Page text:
Kentucky AG Accuses Cardinal Health of Contributing to Opioid Epidemic

There is plenty of blame to go around for the opioid scourge, and Cardinal Health, one the nation’s largest wholesale distributors of drugs, is now under fire. Reuters reports that the Kentucky attorney general has filed suit against the Dublin, Ohio-based health care company for failing to halt or investigate suspiciously large and frequent orders for prescription painkillers.

Kentucky Attorney General Andy Beshear has already filed two lawsuits against McKesson Corporation and Endo Pharmaceuticals for their role in the overdose deaths and hospitalizations that have swept the bluegrass state. According to the CDC, there were 42,000 overdose deaths in the U.S. last year and 1,400 Kentuckians lost their lives during that same time frame. 

Cardinal Health stands accused swamping rural Kentucky with prescription painkillers and profiting mightily in the process.  In his official statement, Beshear pointed out that, "According to Cardinal Health's second quarter results for fiscal year 2018, they reported revenue, just for their pharmaceutical segment, of $31.1 billion." 

Cardinal Health is under siege on all fronts and the company faces at least 343 opioid-related lawsuits. In an official statement Beshear said that he is “… committed to hauling each of these opioid companies into a Kentucky court to answer for their actions that have devastated our families, communities and state.” 

This is not a case of a single proactive AG going after offending corporations, but part of a larger trend of states, counties and municipalities striking back in an attempt to protect their citizens and recoup some of the astronomical costs incurred during this prescription drug-fueled wave of addiction and death. 

Cardinal Health has already paid the U.S. Justice Department $44 million after failing to alert the DEA of the massive opioid orders being placed in Florida, Maryland and New York.  A similar lawsuit filed in West Virginia in 2012 cost the company $20 million dollars. These dollar amounts are paltry compared to the company’s profits and the actual cost of the damage inflicted by the drugs that company’s like Cardinal Health are dealing. 

This disconnect can be traced to April 19, 2016, a point in time when the opioid epidemic had already claimed a quarter-million lives, fivefold the number of American lives lost in Vietnam. On that spring day, President Obama signed a law with an Orwellian name:  “The Ensuring Patient Access and Effective Drug Enforcement Act of 2016.” This poorly named law makes it far more difficult to punish drug manufacturers and distributors who are diverting opioid pain medications to the black market. It represents a huge victory for pharmaceutical manufacturers over the DEA.

The law initially reared its head in 2014 and faced considerable pushback from Joe Rannazzisi, the head of the Office of Diversion Control for the DEA at the time. He has since been pushed out as the pharmaceutical companies and their congressional advocates have staffed the agency with individuals more amenable to their agenda.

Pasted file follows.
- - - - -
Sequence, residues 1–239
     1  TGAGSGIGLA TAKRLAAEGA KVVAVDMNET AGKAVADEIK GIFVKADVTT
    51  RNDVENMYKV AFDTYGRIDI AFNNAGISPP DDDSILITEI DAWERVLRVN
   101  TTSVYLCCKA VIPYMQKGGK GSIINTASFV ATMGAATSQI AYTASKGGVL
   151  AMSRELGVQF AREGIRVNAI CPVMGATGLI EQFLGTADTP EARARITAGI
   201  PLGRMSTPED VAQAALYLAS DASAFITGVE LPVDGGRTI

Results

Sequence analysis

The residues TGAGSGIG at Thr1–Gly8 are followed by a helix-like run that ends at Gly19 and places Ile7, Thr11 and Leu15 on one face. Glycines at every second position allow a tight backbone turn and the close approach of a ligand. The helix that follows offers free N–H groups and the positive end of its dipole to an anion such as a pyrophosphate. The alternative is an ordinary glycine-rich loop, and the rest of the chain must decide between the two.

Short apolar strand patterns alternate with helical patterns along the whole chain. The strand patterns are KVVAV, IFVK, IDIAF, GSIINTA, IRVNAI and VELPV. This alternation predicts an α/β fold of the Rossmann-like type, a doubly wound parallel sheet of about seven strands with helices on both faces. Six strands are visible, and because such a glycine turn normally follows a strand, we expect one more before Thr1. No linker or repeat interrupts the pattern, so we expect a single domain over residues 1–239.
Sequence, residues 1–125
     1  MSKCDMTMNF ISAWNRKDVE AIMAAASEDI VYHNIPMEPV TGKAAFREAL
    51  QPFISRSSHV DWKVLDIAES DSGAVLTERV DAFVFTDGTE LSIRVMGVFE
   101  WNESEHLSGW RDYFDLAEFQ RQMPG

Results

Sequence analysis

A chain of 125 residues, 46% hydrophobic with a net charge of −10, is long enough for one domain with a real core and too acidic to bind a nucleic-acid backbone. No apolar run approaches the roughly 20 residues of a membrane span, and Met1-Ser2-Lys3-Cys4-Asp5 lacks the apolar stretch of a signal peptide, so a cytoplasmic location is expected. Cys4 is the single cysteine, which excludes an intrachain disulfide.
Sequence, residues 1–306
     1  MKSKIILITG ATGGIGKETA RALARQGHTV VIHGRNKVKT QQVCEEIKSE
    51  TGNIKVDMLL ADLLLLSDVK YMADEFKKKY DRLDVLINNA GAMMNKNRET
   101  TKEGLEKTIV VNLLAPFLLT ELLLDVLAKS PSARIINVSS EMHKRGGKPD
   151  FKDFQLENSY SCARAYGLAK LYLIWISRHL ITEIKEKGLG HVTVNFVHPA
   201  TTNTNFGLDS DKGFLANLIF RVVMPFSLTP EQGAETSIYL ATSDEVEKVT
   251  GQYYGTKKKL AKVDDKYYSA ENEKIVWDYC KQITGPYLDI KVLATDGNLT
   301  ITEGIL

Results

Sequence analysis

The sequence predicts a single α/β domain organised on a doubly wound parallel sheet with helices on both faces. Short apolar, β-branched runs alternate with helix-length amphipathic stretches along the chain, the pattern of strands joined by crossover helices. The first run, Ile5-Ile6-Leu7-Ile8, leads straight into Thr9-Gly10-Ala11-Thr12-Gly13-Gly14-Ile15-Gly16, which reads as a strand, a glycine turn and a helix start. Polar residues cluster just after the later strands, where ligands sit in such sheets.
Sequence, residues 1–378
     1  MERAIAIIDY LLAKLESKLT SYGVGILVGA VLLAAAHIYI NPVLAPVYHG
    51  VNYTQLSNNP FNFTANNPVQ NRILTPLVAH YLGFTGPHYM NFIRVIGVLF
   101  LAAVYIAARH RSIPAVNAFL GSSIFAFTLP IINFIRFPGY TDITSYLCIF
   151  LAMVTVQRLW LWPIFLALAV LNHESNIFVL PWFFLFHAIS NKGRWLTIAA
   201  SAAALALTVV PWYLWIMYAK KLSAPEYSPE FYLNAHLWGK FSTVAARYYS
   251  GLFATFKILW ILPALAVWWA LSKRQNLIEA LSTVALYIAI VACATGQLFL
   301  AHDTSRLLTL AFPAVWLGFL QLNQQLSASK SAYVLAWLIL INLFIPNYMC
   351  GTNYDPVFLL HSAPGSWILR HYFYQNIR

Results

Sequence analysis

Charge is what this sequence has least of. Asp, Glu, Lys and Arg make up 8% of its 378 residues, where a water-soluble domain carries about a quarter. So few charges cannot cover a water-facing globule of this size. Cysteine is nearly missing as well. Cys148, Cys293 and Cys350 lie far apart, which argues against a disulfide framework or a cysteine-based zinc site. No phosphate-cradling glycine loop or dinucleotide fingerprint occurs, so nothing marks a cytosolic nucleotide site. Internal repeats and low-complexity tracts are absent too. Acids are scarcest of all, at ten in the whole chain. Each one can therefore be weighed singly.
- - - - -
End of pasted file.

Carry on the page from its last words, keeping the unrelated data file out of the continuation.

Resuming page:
To keep the spread of prescription drugs in check, the DEA relied heavily on the Controlled Substances Act of 1970. It requires drug companies to report large and suspicious orders. The suspensions, fines and the loss of DEA approval to manufacture or distribute narcotics could follow any failure to do so. During Rannazzisi’s tenure at the DEA, they repeatedly sounded the alarm that the number of drugs flooding the market was suspicious and fines totaling nearly $425 million dollars were levied.

The goal of the new 2016 law was to defang the DEA. The primary proponent of the bill was Rep. Tom Marino, who was slated to be President Trump’s next drug czar before his role in crafting this flawed legislation was widely reported and he withdrew his candidacy.

The law passed through Congress without scrutiny or debate, using parliamentary procedures usually saved for noncontroversial items. It is likely that President Obama and many of the lawmakers who signed this bill did not understand its full implications.

The bill had a number of well-compensated champions. The sponsors and cosponsors of this bill received $1.5 million from political action committees affiliated with the pharmaceutical industry. This is just a drop in the bucket when compared to the $106 million they have spent lobbying Congress between 2014 and 2016 alone.

The drug manufacturers can consider the money well spent. The fact is this law makes it close to impossible for the DEA to impound or freeze suspicious narcotic shipments from the drug companies. A drug manufacturer’s misconduct has to reach an extremely high threshold before any corrective measures or suspension orders can be sought. 

If the drug manufacturing and distribution practices of a company are so egregious that they run afoul of this law, they are given the opportunity to submit “corrective action” plans. These plans would outline changes they would attempt to make before the DEA could penalize them.

The end result is that it is virtually impossible to punish drug companies for the addictive drugs that they have flooded the market with. In 2011, the DEA filed 65 suspension orders against drug companies and this number has fallen to six this year. Not one of these orders has actually targeted a manufacturer.

It is important to stay informed about the machinations of the pharmaceutical industry, but the reality of the human condition is that pain needs to be addressed. The good news is that pain can be treated naturally without drugs. Make sure you read my article on science-backed, nondrug pain options and remain aware that the pharmaceutical companies will go to any length to defend their interests. That includes subverting the law and undermining the government itself with self-serving legislation.